Crafting a Heart for Jesus - God wants to change His mind about you.

 Another week, another post from Ryan.  I hope you'll enjoy this feature, a fresh perspective from someone who isn't me. :) Feel free to leave comments with questions, Ryan is great to answer them.


Okay so that probably got your attention.  "God doesn't change!!!"  Yeah, I know.  But the way that we parse that out can get a little complicated.  And the way we express that idea can potentially be hurtful to those around us.  So let's look at what we can find in Scripture about the topic.  For instance,

Hebrews 13:8 says "Jesus Christ is the same yesterday, today and forever."

 Case closed, right?  Well, maybe not...

Here's a passage worth considering:

“I regret that I have made Saul king, for he has turned back from following me and has not performed my commandments.”

And Samuel said to Saul...also the Glory of Israel will not lie or have regret, for he is not a man, that he should have regret.”   (1 Samuel 15:11, 26, 29)

Feel free to read the whole context, but I just want to key in on one specific thing.  Notice what I've emphasized in the passage.  In verse 11, the LORD says that he regrets making Saul king.  In verse 29, Samuel says that the LORD isn't a man that he would have regrets.  This is the same word, used in the same chapter, by the same author.  And it seems to be contradictory.  Just in case you're curious, the author emphasizes his point by repeating himself.

...And the Lord regretted that He had made Saul king over Israel.  1 Samuel 15:35

So what's going on?

There are two words in Hebrew that get translated "change mind, repent, regret, etc."  Nacham and Shuv.  Nacham originally meant "to take a deep breath."  This eventually took on the connotation of "comfort or console."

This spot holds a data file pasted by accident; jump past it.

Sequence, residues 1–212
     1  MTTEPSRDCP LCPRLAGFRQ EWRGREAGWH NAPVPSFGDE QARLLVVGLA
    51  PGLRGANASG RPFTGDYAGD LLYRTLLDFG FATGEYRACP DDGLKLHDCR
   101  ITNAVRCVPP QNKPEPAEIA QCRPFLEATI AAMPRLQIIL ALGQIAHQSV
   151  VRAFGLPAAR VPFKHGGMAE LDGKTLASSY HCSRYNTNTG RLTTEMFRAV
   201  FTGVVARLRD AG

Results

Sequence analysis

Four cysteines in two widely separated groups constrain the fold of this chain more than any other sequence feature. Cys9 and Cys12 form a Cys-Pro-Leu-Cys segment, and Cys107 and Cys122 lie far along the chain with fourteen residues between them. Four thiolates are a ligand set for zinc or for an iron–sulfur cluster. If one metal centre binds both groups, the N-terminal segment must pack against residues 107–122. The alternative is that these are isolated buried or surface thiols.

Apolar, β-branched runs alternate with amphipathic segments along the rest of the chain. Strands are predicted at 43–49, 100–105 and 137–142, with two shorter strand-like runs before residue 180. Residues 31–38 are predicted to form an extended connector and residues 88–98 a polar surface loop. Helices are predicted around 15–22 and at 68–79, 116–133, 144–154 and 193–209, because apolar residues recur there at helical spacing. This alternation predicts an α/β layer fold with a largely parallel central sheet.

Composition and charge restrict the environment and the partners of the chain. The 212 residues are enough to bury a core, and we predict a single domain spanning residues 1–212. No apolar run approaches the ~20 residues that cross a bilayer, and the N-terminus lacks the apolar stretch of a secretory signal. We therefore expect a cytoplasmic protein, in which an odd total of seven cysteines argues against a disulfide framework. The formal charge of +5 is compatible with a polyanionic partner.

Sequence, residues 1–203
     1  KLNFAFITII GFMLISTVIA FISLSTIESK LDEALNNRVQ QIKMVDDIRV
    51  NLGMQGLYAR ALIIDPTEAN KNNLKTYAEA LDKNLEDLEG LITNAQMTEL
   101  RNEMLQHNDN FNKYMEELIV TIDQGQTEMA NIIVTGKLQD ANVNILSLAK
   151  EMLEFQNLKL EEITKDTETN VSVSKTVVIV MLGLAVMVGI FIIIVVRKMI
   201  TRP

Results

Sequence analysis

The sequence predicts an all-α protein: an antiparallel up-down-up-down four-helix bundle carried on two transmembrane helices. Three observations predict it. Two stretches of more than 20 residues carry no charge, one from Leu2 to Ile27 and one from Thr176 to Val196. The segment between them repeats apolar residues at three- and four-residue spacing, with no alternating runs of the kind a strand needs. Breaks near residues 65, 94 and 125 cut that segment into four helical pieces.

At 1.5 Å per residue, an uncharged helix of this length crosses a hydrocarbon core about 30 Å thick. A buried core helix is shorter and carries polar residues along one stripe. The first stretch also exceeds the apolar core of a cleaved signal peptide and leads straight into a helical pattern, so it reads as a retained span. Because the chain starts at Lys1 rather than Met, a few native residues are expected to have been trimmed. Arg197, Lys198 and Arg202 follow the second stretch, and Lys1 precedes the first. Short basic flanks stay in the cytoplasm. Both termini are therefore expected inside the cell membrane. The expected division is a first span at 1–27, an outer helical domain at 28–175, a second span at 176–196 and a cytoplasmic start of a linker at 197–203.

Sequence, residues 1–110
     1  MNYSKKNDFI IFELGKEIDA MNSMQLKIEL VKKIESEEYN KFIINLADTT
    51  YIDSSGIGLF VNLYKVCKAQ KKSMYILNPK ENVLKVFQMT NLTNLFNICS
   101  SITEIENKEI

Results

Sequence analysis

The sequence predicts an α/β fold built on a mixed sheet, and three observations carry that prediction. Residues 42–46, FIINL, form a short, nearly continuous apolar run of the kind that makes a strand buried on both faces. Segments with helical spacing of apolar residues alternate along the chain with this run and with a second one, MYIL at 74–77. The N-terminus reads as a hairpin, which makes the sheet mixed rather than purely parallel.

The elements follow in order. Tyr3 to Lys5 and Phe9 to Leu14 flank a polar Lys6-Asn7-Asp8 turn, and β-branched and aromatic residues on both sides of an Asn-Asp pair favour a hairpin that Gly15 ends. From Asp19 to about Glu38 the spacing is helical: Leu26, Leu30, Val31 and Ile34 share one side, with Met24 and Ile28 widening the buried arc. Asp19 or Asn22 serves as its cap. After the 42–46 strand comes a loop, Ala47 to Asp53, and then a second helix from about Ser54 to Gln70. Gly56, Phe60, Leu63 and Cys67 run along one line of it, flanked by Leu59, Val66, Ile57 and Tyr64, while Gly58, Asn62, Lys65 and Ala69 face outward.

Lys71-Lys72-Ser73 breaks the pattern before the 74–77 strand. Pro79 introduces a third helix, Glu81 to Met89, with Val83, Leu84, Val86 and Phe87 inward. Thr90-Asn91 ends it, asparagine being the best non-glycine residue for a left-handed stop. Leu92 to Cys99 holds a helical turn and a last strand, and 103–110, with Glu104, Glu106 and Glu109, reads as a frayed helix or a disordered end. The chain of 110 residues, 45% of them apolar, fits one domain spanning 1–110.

Eventually that developed into "change your mind or repent."  Shuv means "to turn around."  You can probably see pretty easily that these words are related, but clearly not identical.  While they can both mean "repent," Shuv implies a course correction as opposed to Nacham which only implies a course change.  This is not a small difference, though it may look like one at first.

God does not Shuv.  There is not shadow of turning in him (James 1:17).  He does not need to correct his course.  But God repeatedly Nachams.  And we need him to.  We were by nature children of wrath, sons of disobedience (Ephesians 2).  Eugene Peterson puts it this way in the Message, "You filled your lungs with polluted unbelief, and then exhaled disobedience."  But God, being rich in mercy, because of the great love with which he loved us, does not give us what we deserve.  He looks at children of wrath, and he changes course. 

This is the cornerstone of Christian theology.  God is just, so he must punish sin.  God is loving, so he doesn't want to punish us.  So what does he do?  To demonstrate his justice towards sin and his love towards us, he takes the punishment himself.

Ryan blogs over at Home Cooked Jesus {the Jesus you need for the day to day and not just Sundays}.  He is also what I consider a Bible scholar, though he would disagree on technicality.  He studies Hebrew and teaches at a local bible college while pursuing a masters degree in the biblical field. 

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